So I’ve been focused on gun violence, the random youtube videos I think are informative, and my last post was about how Manson displayed leadership skills. I know some won’t understand why I went down that rabbit hole, so I’ll do a better job (mayhap) on explaining this one.
I’ve thought about leadership all my life. When I was young I was big, I was energetic, and I was ambitious. This combined with my imagination and intelligence to make me seem to myself like a natural-born leader. But then something slipped. I went from being a leader in my class to being….not so much an outsider…I was loved, but the leaders were other people. People wanted me in their group (unless it was an athletic group), but they weren’t going to follow me. From that point on I wondered why. What was it that made people want to follow one person and not another? And what is it that causes people to change loyalties?
While I don’t want to pursue this topic too deeply or scientifically here, suffice it to say that I read and think a lot about this topic. And a fair number of my favorite movies demonstrate the leadership ideas that resonate with me. And my all-time favorite movie is Braveheart.
It feels daunting, and frankly like a huge change of gears. Likely most of the success books would scream “This is not your niche!” But it’s my blog and I’ll write what I want to. Hopefully my thirty or so followers will be patient, the next few posts, possibly all the way through the rest of the month of July, I intend to devote to the movie, and to the historical William Wallace. I will in part be guided by Randall Wallace (who wrote the original novel and the screenplay of the movie) in his commentary Living the Braveheart Life, which will be one of the books I’m reading this July.
Three things I will quickly relay: first, Dante had already cast judgement on Longshanks. Second, the same year Dante’s Divine Comedy was published, the Scots had written their own “prequal” to the US Declaration of Independence. Third, William Wallace name is strangely absent from printed history from his execution till the Epic Poem The Wallace was published in 1488.
Other than official records, the first thing I can discover in print about the epic struggle for Scottish independence comes from no lesser source than Dante’s Divine Comedy. In the Paradiso, Dante states “What would the Persians say to your kings, when they see that volume opened in which all their ill deeds are recorded?” Several “Christian” kings are mentioned committing atrocious acts similar to those the Christians had condemned Pagan kings for. And on the list, we find Longshanks, a mere thirteen years after his death. “There the pride will be seen that parches, and makes the Scots and Edward’s English mad so that they cannot keep the proper borders.”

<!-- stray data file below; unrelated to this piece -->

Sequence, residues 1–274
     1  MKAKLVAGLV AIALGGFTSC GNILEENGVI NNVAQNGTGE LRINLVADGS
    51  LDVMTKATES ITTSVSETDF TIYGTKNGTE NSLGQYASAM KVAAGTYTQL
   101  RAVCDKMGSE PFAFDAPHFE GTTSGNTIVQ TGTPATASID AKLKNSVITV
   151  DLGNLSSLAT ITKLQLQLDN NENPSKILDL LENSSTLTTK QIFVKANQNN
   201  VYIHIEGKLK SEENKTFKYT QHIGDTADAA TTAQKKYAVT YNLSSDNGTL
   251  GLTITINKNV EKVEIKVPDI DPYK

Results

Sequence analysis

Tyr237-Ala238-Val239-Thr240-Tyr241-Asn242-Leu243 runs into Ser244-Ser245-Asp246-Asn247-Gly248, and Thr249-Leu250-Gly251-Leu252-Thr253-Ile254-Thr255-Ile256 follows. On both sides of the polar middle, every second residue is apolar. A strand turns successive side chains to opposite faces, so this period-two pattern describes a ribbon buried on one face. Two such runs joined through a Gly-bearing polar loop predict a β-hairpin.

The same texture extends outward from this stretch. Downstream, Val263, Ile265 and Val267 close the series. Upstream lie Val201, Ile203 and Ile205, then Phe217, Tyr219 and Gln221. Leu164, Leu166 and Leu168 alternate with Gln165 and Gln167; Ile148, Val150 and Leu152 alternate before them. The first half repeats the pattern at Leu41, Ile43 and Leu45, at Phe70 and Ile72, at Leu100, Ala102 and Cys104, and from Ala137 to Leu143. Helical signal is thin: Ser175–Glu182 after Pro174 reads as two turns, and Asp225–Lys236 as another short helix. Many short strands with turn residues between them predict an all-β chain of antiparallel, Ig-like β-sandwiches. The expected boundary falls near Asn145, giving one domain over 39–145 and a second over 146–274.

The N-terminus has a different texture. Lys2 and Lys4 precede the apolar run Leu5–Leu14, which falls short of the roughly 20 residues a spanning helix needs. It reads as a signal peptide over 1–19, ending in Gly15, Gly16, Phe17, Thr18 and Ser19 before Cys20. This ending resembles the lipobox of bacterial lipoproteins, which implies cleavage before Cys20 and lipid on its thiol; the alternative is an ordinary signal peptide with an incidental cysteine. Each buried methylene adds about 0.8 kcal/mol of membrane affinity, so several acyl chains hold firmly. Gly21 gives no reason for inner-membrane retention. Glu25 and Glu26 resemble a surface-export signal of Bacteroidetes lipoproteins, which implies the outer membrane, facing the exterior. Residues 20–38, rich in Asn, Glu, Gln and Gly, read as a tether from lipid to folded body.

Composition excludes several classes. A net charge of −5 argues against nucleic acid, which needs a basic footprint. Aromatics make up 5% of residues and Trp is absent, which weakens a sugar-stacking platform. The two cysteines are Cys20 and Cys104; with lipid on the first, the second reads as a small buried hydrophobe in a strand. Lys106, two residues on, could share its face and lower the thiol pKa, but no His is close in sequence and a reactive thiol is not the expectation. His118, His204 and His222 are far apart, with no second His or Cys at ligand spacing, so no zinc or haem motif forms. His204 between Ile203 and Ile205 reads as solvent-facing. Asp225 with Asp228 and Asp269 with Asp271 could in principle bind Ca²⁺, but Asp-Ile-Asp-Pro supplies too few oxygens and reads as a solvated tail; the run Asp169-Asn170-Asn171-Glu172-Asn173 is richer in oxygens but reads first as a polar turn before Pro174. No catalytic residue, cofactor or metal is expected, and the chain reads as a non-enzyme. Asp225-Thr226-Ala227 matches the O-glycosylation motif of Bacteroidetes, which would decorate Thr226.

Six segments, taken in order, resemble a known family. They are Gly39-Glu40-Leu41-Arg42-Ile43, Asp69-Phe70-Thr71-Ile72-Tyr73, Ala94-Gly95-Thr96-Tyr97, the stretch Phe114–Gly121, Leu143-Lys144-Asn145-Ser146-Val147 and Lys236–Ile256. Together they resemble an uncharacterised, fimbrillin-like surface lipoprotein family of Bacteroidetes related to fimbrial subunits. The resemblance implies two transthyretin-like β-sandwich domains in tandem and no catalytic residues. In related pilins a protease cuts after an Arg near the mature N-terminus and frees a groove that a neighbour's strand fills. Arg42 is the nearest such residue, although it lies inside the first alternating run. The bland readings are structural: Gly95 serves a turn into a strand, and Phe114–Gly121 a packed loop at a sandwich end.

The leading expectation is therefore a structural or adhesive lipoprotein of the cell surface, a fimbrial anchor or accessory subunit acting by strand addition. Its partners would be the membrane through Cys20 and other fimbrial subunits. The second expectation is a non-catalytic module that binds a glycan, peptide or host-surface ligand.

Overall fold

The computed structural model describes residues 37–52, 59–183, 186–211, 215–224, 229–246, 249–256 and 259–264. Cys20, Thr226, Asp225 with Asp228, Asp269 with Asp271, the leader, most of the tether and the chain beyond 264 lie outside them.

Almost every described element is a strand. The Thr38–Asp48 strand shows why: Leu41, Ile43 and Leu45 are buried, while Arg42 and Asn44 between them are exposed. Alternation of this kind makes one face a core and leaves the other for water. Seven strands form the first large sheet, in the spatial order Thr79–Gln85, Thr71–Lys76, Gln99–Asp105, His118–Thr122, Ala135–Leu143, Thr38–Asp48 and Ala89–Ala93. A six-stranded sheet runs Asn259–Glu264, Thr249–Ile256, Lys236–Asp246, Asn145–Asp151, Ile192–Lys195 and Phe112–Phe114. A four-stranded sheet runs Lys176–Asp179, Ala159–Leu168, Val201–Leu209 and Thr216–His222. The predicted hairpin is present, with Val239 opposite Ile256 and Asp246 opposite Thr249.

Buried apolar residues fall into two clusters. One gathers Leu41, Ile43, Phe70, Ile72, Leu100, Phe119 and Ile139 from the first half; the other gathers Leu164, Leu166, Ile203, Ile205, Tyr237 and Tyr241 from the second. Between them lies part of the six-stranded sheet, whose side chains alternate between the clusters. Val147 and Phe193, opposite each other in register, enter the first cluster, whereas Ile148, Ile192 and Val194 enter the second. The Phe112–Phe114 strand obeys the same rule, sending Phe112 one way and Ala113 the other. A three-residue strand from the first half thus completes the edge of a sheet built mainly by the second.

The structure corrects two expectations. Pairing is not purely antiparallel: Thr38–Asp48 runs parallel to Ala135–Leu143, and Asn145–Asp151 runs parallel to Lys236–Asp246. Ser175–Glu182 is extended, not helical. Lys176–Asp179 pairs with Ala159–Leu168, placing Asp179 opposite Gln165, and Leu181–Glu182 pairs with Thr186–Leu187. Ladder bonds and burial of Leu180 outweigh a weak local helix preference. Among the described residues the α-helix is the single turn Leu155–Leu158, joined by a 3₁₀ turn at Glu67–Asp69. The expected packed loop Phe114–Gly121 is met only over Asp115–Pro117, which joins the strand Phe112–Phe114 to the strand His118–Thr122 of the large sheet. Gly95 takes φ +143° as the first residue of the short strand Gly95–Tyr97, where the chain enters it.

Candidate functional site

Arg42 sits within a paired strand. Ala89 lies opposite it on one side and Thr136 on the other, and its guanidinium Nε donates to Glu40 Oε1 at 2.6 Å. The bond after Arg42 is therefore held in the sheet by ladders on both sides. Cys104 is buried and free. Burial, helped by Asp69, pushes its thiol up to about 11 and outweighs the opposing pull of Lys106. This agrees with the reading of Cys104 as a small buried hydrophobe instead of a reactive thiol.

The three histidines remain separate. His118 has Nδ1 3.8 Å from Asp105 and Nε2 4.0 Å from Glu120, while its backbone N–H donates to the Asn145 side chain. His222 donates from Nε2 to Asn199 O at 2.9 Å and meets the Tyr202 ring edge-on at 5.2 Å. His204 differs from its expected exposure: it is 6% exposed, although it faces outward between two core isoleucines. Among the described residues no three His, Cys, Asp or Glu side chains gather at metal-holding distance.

The same year Dante finally published his masterpiece, the Scotts decided that maybe the pen was as mighty as the sword. They scribed The Declaration of Arbroath. And no, Arbroath does not mean independence. It is the name of the monastery where the letter was scribed. In this letter, the Scotts send to the Pope all of the reasons why Scotland should be a free land under a Scottish King. There is no mention of Wallace, but like the American Declaration the grievances of the Scottish people against the English king are listed, and insist that as long as a hundred Scotsmen remain alive, they will fight “solely for freedom which no true man gives up but with his life.” There are those that say the Declaration of Abroath did indeed influence that of the US. I will post some sites that discuss this at greater length.
Wallace name is not in this declaration. In one sense this makes sense, since he would have been dead for thirteen years by now. But in our modern mythology, Robert the Bruce and William Wallace stand hand in hand. You don’t have the Scottish liberation without them both, or so we have been taught.
I’ve read speculation that Wallace was too much of an outlaw for a king to share the spotlight with him. History is silent about him from the time he died till the publication of The Wallace. According to the BBC, the book would be the second best-selling book in Scotland for centuries. Blind Harry, who composed the poem, claimed he had gotten his material from two sources, one being William Blair, a monk who had grown up in the same village as Wallace and became his personal scribe and confessor, the other source being some distant relation of William Wallace. But the other great epic, and older one, The Brus, makes no mention Wallace. Some speculate that kings have no truck with outlaws. Others say it was politically expedient to give all the glory to the king, and not talk about some common knight. But for whatever reason, Blind Harry made a story of common people following a leader without royal blood, and the Scots, while they love Robert too, frankly loved Wallace more. Whatever the truth, in the heart of us Scots, we want them to be fighting side by side for our liberties.
Oh, this should be a good series!
Write on, good sir! Write on!
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Thank you sir. Worked on the next installment tonight